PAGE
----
Updated: Mar 30, 2020
By Jack Turner
Unsurprisingly, this week’s political landscape has been dominated by the announcement of Angela Merkel’s relinquishing of the CDU party chairmanship and her intention not to stand for re-election in 2021.Naturally, this has been followed by speculation on what this could mean for Germany and Europe, on who shall be the figure to take over as well as wistful reflections on Merkel’s time as party chairman – with some reflections less positive than others.
The immediate impact may not be as sizeable as one might assume, but in the long run, particularly in Europe, her departure signals instability and uncertainty for the first time in a long time. Though, if the SPD have their say on the grand coalition, this immediate impact would be hugely exacerbated as It would ultimately prompt a general election. But let’s cross that bridge when we come to it, eh?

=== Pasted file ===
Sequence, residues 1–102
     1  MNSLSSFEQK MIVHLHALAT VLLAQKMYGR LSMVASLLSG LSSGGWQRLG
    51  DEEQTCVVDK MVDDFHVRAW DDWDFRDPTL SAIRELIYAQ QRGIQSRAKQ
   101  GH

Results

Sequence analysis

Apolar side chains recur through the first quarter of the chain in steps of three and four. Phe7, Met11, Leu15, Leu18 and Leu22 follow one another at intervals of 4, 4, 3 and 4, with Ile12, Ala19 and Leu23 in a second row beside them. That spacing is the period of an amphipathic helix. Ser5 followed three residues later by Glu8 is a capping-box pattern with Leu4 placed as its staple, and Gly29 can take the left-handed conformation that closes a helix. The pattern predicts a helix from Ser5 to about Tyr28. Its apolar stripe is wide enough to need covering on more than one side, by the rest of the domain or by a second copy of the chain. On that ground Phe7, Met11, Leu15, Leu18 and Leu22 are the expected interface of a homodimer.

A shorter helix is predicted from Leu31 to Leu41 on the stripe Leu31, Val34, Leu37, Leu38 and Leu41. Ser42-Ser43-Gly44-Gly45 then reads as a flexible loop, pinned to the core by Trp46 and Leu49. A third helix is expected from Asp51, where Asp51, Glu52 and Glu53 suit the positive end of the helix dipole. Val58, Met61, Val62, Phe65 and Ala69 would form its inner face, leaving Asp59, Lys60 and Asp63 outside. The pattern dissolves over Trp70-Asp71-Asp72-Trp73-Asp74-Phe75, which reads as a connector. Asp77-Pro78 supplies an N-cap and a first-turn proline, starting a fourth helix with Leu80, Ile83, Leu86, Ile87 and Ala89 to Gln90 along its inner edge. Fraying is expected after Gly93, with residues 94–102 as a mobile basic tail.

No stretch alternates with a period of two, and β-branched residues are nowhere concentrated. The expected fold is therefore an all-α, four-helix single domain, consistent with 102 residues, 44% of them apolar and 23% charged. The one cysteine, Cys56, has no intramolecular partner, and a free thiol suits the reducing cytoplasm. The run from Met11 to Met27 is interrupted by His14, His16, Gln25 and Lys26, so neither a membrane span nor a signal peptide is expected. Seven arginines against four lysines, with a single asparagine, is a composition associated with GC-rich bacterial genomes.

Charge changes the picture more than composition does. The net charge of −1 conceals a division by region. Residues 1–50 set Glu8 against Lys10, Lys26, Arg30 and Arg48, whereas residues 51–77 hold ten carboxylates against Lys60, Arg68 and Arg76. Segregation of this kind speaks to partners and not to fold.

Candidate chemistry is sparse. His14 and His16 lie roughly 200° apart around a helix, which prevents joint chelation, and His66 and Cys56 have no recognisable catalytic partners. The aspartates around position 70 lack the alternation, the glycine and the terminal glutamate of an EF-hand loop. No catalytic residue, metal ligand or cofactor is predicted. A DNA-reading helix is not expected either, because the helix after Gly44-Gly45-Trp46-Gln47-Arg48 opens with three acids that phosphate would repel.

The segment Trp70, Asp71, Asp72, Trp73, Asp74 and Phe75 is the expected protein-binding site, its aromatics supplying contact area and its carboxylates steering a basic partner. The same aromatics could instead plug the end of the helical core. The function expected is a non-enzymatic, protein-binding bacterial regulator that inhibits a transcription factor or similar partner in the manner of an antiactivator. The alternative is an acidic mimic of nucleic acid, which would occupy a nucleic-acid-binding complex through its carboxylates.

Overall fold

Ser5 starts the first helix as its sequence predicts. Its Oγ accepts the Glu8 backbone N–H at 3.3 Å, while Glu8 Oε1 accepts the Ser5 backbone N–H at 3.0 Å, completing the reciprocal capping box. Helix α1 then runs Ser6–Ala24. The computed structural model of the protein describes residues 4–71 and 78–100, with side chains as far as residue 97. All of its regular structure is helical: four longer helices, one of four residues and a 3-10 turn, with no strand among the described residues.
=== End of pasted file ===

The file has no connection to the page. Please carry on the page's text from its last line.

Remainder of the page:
Elsewhere in Germany, a gang-rape case in Freiburg has prompted significant outcry, after it was revealed seven of the eight assailants were Syrian refugees, bringing into question immigration and refugee policies and prompting an increased police presence. The far-right AfD group organized a demonstration which drew around 500 supporters, but this was met by a larger counter-demonstration of 1,500. Particularly apt amid an era of populism, anti-elitism and political polarisation, as evidenced by the political gains made by the AfD in Bavaria in October, is this sharp comparison to the 15th and early 16th century by journalist Sebastian Dümling, arguing today’s events have an early modern counterpart. Between 1475 and 1510 the political mood in ‘Germany’ was similarly tense: self-proclaimed prophets and preachers travelled through the cities to denounce the aristocratic, the elites and the church. The preachers accused these groups of no longer representing the common people (“das einfache Volk”). Certainly, this sense of disillusionment and rising anger against the established order and political elites are themes that can be seen in Germany today.